Cars

Lets Burst the Common Myths about EVs

The EV industry is steadily developing, and all that’s needed is for major players to dedicate resources. In the meantime, it would benefit everyone to put money into customer service departments, as excellent employees can make up for shoddy infrastructure.

Electric cars (EVs) have been met with skepticism, just like any other innovative technology. The electric vehicles we see on the road now are light years ahead of the first ones that hit the market five to ten years ago. Despite advancements in technology and infrastructure, old complaints about EVs’ shortcomings are still being cited as reasons not to buy one.

To others, switching to electric vehicles may seem impossible, especially if they have to contend with outmoded infrastructure. Many individuals are still on the fence about purchasing an EV. Still, we want to dispel some of the most widespread myths about these vehicles by addressing some of the most prevalent worries and misconceptions about them:

Myth 1: Emissions still occur because the power required to charge EVs is generated by burning fossil fuels.

Transportation is the UK’s biggest pollution source, exceeding even fossil fuel combustion due to onshore and offshore wind farms and the closure of major coal operations. From less than 20% in 2010 to over 50% in 2021, the percentage of electricity generated in Britain from zero-carbon sources has increased dramatically. Even as power continues to de-carbonise, the amount of electricity generated from coal and oil combined in New England remains low, at just 0.1% to 2.7%.

WhenToPlugIn and other apps, as well as new regulations and smart energy tariffs, are assisting in controlling electricity use; for instance, a Smart EV charger may initiate or halt EV charging to ensure it is utilizing the most efficient and cost-effective electricity available.

Myth 2: EVs are slow.

If you think an EV is slow, you are completely wrong. The performance of even the cheapest electric automobiles is impressive! Compared to the Bugatti Chiron hypercar, Tesla’s most powerful electric family car can reach 62 mph in less time and with zero fuel. The I-Pace, Jaguar’s newest SUV, sprints to 62 mph in less time than the F-type, the brand’s supercharged V6 sports car. The Kia e-Niro is nearly as quick as its sibling, the Ceed GT hot hatchback, while the Nissan Leaf easily outperforms the Qashqai SUV’s 1.5-liter diesel engine.

Myth 3: You cannot choose contactless payment options for EV chargers:

Rapid expansion in EV sales has led to electric vehicles accounting for almost 20% of all new vehicles purchased in the UK. However, concerns have been raised that the UK’s infrastructure is falling behind, with drivers reporting that charges are frequently sluggish, costly, and inconvenient to obtain. As part of the government’s intention to streamline the public charging market in the United Kingdom, electric car users will soon be able to pay for EV chargers with contactless payments.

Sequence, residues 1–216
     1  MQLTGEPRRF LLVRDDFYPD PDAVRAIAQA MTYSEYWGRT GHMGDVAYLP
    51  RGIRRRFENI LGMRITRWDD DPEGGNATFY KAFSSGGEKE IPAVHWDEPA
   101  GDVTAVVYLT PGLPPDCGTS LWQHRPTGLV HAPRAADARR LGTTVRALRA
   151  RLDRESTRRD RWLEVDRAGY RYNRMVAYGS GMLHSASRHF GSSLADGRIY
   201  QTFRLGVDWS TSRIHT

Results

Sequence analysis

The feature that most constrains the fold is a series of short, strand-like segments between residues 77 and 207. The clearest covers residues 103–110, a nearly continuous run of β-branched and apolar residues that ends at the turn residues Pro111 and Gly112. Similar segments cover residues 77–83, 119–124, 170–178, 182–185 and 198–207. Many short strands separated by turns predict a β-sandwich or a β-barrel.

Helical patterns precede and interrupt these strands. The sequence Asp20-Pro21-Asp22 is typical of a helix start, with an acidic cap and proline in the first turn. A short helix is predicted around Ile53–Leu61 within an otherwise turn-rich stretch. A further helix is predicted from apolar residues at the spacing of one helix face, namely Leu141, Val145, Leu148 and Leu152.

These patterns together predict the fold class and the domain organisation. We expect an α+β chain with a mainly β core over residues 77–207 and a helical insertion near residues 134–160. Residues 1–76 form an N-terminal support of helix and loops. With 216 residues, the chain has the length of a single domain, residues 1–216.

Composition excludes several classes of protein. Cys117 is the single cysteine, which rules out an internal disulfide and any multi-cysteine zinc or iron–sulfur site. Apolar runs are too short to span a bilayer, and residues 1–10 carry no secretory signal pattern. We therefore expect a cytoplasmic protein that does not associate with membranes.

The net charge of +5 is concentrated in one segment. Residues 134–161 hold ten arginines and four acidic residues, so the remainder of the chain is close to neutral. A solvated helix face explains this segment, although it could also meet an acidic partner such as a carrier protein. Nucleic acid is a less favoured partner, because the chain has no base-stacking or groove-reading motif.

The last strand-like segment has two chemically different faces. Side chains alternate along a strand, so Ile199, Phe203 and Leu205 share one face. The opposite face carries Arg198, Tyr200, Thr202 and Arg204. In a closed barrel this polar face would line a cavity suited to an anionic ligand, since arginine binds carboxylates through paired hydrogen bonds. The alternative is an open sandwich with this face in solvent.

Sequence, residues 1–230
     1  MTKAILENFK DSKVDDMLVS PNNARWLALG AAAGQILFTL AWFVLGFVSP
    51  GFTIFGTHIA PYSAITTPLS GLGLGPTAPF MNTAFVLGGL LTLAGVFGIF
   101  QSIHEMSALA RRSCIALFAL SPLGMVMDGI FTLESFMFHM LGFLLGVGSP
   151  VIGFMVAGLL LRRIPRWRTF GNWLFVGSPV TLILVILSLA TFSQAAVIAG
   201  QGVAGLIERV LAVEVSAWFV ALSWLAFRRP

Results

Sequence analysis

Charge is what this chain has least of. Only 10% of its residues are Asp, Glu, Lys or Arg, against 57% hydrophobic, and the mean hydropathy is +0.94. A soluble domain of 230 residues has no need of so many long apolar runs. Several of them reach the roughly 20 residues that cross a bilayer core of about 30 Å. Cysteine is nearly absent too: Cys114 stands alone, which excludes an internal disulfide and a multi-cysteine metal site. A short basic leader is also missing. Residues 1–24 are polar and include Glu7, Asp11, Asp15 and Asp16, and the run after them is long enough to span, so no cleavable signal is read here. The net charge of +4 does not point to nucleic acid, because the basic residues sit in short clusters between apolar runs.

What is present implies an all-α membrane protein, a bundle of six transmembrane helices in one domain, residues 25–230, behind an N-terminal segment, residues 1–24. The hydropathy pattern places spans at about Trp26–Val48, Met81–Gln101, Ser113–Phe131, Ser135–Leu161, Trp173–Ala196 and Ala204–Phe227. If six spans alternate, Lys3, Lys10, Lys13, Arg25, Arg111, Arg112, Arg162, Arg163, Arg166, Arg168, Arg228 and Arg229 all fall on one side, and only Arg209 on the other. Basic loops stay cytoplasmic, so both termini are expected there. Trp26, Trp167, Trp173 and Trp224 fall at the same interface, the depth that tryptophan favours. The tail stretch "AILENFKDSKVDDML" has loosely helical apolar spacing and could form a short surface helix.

Myth 4: EVs are expensive.

Some EVs are more costly than others, but the same can be said of gas-powered automobiles. Compared to conventional gasoline or diesel automobiles, those that run on electricity are not much more expensive. Additionally, electric vehicles are proven to retain their value, so you won’t suffer a financial loss if you decide to sell.

Myth 5: EV’s battery needs replacement after 8 to 10 years.

There is a valid concern about the environmental friendliness of EVs. The raw materials used in batteries, the manufacturing process, and the final disposal of batteries all because some worry for the environment. There are many applications for batteries beyond their useful life in an EV, and it is illegal to dispose of them in landfills. More stringent rules and more openness on the part of manufacturers and governments are also being implemented to address these concerns.

The United Kingdom contributes to global initiatives to ensure a safe, reliable, and ethical supply of EV battery materials. There are currently no laws in place that permit the landfilling or incineration of electric vehicle batteries. Electric vehicle battery manufacturers must accept returned batteries at no cost and guarantee government mandates to recycle them.

Many companies stand behind the quality of their batteries by offering a five- or eight-year performance warranty. The average auto owner keeps their vehicle for three years, so shoppers who invest in a new or certified pre-owned electric vehicle should rest easy.

Myth 6: EV recharging time is too lengthy, and they run out of juice too fast.

Electric cars are evolving swiftly. Advances in design and engineering mean many electric hatchbacks can now go 200-300 miles on a single charge, including family vehicles. The highest claimed electric vehicle range is 375 miles for a Tesla model, but even cars with smaller capacity batteries may achieve 100 to 200 miles, which is adequate for day-to-day driving and most commutes.

When the battery runs low, the sat nav in most electric vehicles guides you to the closest charging station. The time needed to recharge an electric car’s battery has reduced substantially and will continue to improve as new batteries and charging sites become available.

Charging time varies by charger and battery size. A 7kW residential wall box can completely charge a 64kWh battery in just over nine hours. You can do this overnight without interrupting your day.

Myth 7: EVs can catch fire in a crash.

Lithium-ion batteries may catch fire and explode, just like gasoline. Just like gasoline tanks, battery packs must be crashed. The manufacturers claim that there have been 40 fires out of the 7.5 billion miles traveled by the 300,000 Teslas on the road. That’s roughly five fires for every billion miles traveled, but the rate for gasoline-powered vehicles is about 55 fires for every billion miles driven.